Opioid Abuse Problems Appear To Be Leveling Off, Study Finds

As efforts to combat the opioid abuse problems in the U.S. continue, new research suggests that the number of Americans who misuse the powerful pain medications may no longer be increasing.

At the annual meeting of the American Society of Anesthesiologists in Boston, researchers indicate that while there is no evidence that abuse is declining for painkillers like Vicodin, OxyContin or morphine, the rates of opioid abuse appear to be leveling off, with no increases seen in recent years.

Researchers tracked the abuse problems with opioid medications as part of a government study conducted between 2000 and 2014, focusing on abuse among adults and teens. The findings are considered preliminary until published in a peer-reviewed medical journal.

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Other research has indicated the opioid overdose epidemic remains at an all-time high, largely driven by fentanyl overdoses. However, overdoses among U.S. teens have doubled over the last two decades.

According to the new study, from 2000 to 2002 the number of people who abused prescription opioid painkillers rose from 9% to 13%. By 2014, the rate of abuse remained steady at 13.6%, indicating no additional increases.

Researchers said after large jumps in the early years of the study, the use of narcotic painkillers plateaued overall.

The study findings may point to the importance of multimodal therapies, or using more than one method to treat pain, which has been promoted in recent years as a means of combating the opioid abuse epidemic. Research has found that multimodal therapies are used successfully, especially following hip and knee replacement surgery after doctors began offering fewer prescriptions for only opioids, instead supplementing opioids with other pain relief.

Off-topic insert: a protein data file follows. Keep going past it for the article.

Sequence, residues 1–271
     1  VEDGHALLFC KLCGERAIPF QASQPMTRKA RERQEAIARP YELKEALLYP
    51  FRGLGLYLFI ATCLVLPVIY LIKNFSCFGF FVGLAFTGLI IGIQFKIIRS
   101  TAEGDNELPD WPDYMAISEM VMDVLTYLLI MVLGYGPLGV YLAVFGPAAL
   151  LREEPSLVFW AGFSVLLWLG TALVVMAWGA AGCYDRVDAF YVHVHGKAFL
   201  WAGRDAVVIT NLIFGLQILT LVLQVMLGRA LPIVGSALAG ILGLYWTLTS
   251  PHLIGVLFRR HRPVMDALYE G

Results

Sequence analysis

The CDC recommends the first-line treatment for chronic pain should be non-opioid medications and non-drug options, such as physical therapy and cognitive behavioral therapy.

Researchers highlight, for long-term pain, opioids are no better at managing pain than placebos. More so, people who take opioids run the risk of overdose and addiction. This is especially a concern as a recent study indicated opioid abuse and overdose problems are widely underreported in the U.S.

In recent years, certain practices have helped to combat the widespread opioid abuse problems. One study indicated ER doctors often prescribed opioids in lower doses for shorter durations than primary care doctors. Practices such as this, and doctor monitoring, have resulted in fewer opioids being prescribed for the first time in two decades.


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